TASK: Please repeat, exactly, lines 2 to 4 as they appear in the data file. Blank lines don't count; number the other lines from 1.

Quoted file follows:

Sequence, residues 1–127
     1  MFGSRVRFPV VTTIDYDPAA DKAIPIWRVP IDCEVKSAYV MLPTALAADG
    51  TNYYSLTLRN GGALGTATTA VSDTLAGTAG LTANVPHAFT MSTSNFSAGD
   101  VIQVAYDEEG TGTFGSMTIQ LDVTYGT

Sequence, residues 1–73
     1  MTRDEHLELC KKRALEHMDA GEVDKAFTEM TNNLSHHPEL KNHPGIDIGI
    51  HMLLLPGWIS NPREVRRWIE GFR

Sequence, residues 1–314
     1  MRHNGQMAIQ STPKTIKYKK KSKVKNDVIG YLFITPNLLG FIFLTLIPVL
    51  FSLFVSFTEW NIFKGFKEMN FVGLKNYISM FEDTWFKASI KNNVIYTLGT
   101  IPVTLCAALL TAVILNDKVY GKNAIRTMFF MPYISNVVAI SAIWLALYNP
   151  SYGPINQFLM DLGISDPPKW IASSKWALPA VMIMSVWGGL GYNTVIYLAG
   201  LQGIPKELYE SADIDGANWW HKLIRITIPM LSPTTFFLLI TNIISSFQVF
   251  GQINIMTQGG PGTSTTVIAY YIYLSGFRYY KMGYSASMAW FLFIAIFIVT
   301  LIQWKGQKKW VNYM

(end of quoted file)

     1  MFGSRVRFPV VTTIDYDPAA DKAIPIWRVP IDCEVKSAYV MLPTALAADG
    51  TNYYSLTLRN GGALGTATTA VSDTLAGTAG LTANVPHAFT MSTSNFSAGD
   101  VIQVAYDEEG TGTFGSMTIQ LDVTYGT